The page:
The entire relationship between Effing and Fogg is so full of lies and half truths that it permeates everything. That said, Auster’s writing is compelling. It reads fast. The characters are memorable. The only downside of that is the sparseness of setting and descriptions of what characters are feeling. Auster glides over descriptions choosing to narrate page after page in a way that tells the reader what’s happened but doesn’t show it. Perhaps, if he choose to show more the book would have stretched well beyond 300 pages.
Overall, this is an interesting novel. I almost want to page through it again, because it’s hard to tell if there is a lot of depth to it, or whether the number of thin narratives overlapping each gives the illusion of complexity.
What is there to say? I’ve managed to plow through the last of Infinite Jest and am relieved. Relieved because now I can start reading other books and at a faster rate. What is there to write about a 1,000 page monster of a novel? Obviously, there’s a lot one can say. For me, right now I feel like maybe there’s too much. Where do you start?
I don’t want to be a spoiler for my friend who’s still reading it, so I won’t give anything away. But, what I’m really curious about is the ending of the novel. What happens? What are other people’s take on it? How does it relate to Hal in the beginning? So, I’ll poke around and see what other people have written about it, but if you have any suggestions, I’d love to hear your ideas.
Tonight was the first time in a while since I’ve sat down and started to think of the Donnie and Sam novel. I found myself asking questions about the characters again. What motivates them? Who are they, what do they dream? Questions that may seem silly, but then again, need to be asked. When I was writing a lot last earlier this year, it seemed as though I really knew the characters. I believe I still do, but as I’ve changed, I wonder how they’ve changed, or how my understanding of them changed.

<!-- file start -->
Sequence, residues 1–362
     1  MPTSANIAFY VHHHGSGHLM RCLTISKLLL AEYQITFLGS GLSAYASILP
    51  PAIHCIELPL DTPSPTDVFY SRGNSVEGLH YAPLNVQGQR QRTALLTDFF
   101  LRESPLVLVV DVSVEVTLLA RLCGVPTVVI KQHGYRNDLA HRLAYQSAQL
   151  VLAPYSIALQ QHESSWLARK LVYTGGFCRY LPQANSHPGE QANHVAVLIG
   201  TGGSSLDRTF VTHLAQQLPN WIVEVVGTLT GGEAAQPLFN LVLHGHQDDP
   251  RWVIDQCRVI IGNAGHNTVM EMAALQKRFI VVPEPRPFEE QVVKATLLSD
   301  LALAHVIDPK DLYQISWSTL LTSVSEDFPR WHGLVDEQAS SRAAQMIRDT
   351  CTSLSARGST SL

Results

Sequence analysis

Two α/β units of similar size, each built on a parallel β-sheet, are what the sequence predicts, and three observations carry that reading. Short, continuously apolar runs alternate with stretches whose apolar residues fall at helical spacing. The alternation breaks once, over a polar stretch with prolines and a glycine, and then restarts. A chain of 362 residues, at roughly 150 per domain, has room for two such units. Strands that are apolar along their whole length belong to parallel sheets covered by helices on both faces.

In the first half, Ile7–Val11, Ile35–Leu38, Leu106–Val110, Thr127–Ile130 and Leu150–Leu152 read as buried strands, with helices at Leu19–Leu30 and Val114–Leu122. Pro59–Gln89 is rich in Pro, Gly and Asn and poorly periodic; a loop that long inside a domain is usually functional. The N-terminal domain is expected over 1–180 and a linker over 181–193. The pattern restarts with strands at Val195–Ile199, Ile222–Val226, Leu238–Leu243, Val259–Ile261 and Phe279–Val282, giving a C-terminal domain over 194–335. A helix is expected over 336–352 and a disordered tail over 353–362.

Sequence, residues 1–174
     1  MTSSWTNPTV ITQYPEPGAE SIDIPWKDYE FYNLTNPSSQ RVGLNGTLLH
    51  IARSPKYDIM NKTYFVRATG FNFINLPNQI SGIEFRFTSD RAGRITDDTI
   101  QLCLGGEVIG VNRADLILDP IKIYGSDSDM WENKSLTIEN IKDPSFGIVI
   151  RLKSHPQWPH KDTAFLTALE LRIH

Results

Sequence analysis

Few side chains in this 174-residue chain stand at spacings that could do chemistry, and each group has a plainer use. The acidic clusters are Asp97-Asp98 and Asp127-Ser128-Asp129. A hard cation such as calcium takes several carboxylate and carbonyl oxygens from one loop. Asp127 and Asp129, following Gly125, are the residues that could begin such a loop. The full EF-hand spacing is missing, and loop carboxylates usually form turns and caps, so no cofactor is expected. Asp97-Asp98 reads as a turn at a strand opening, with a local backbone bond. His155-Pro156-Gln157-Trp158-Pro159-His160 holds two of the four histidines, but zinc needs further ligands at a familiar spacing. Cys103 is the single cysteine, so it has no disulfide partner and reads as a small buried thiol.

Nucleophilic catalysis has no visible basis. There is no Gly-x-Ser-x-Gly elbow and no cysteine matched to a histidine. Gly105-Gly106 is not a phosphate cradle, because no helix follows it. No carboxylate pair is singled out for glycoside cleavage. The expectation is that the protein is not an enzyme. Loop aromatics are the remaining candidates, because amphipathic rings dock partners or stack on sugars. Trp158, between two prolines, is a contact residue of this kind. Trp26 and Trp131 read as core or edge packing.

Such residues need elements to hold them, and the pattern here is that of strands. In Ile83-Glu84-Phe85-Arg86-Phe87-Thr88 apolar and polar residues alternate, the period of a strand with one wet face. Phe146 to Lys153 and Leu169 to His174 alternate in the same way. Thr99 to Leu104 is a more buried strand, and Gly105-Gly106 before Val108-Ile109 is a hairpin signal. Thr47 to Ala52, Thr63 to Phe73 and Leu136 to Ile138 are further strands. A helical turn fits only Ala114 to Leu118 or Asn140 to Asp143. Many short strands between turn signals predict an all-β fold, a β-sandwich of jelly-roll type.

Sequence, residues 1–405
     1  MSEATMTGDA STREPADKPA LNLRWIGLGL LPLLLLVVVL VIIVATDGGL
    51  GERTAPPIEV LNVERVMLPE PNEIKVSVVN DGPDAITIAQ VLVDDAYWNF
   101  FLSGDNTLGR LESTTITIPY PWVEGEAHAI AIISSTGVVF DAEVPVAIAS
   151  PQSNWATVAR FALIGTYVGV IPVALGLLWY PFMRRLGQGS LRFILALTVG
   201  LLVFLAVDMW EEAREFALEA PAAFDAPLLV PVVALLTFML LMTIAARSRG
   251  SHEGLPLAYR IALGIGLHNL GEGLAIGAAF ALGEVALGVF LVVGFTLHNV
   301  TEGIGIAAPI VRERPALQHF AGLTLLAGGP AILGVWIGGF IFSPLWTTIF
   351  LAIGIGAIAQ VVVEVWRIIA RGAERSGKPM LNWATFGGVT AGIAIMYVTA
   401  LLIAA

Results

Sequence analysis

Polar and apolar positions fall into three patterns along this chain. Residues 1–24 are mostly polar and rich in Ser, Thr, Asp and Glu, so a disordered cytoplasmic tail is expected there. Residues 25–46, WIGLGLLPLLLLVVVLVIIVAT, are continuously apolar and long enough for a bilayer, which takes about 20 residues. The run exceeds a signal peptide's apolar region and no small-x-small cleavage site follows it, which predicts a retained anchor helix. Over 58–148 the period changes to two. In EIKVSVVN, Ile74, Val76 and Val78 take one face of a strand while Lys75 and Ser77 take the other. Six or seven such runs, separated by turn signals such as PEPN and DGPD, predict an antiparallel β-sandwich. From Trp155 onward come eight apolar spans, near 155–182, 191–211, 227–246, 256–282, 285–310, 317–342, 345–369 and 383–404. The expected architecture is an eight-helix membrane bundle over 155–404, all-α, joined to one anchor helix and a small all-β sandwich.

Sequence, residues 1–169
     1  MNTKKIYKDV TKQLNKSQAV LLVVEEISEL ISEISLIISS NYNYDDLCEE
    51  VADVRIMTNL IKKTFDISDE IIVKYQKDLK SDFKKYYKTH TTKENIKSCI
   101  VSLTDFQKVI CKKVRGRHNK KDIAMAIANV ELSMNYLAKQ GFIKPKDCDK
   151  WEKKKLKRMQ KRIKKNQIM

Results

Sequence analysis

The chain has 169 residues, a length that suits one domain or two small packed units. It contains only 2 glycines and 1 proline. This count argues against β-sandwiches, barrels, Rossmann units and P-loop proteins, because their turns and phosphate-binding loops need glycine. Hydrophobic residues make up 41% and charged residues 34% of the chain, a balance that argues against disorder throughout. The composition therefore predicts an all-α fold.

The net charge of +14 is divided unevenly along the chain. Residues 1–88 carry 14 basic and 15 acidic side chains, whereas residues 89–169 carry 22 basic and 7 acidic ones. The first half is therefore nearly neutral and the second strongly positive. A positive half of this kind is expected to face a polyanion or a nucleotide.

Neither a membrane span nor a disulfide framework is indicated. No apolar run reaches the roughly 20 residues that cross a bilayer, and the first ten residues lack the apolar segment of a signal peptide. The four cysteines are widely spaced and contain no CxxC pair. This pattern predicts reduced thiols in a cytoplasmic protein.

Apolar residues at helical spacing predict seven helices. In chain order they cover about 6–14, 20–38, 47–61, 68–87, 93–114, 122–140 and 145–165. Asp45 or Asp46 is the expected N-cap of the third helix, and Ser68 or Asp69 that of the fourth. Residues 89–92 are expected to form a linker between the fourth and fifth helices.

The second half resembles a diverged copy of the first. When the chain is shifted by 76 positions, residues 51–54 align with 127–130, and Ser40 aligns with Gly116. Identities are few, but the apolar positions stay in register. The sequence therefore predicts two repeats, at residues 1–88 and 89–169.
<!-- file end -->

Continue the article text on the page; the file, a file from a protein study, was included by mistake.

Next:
It’s funny. I’ve been putting off writing some because of a computer hate I developed for my old laptop (Toshiba Satellite from 2001). Some of that I’m sure was a lame excuse. However, I recently got a Macbook Pro and writing seems more enjoyable on it. Just the layout on Apple’s word processing software is nicer, the screen goes black so your left with just a white area resembling a piece of paper and your text. Also, tactilely the machine feels better. Something that is fun to use, and enjoyable to use, encourages use, right?
My essay “The Night Janitor’s New Son, Racing the Midnight Train, and Thoughts from across the Ocean,” has been nominated for a Pushcart. Thanks goes out to Christine McDermott for the nomination, and for publishing the essay in Regarding Arts and Letters.
Sam Shepard’s short story “Indianapolis (Highway 74)” is infused with haunting images and a sense of not quite being lost, but instead being adrift. The basis of the story is quite simple. Two people meet by coincidence after not seeing each other for forty some years. Nothing stellar or original with that. What makes this story though is the narrator’s voice and perspective. It opens with him, “crisscrossing the country again, without much reason,” and pulling off the highway because of a snowstorm. Nothing seems to be under the control of the narrator, not even his own actions. The weather forces him to stop. The TV in the lobby is stuck on channels blasting out a background of violence, which the hotel clerk is unable to change, and whether or not a room is available all depends on someone else canceling their reservation.
It’s here that the woman enters the story, Becky Marie Thane. She walks by him and he feels “immediately sad for no reason.” When she comes back down to the lobby, she calls out his name. “You don’t remember me, do you?” “We lived together for a while. Don’t you remember?” These questions from Becky, and Stuarts inability to remember further add to the sense he is adrift and disconnected. The questions keep coming and it seems that Becky is enjoying seeing Stuart squirm. He thinks, “There is no escape.” As memories finally begin to come back, Stuart is again aware of sadness. The present background of violence from the TV is mirrored in his memories as he thinks of Martin Luther King, and riots in Detroit and L.A.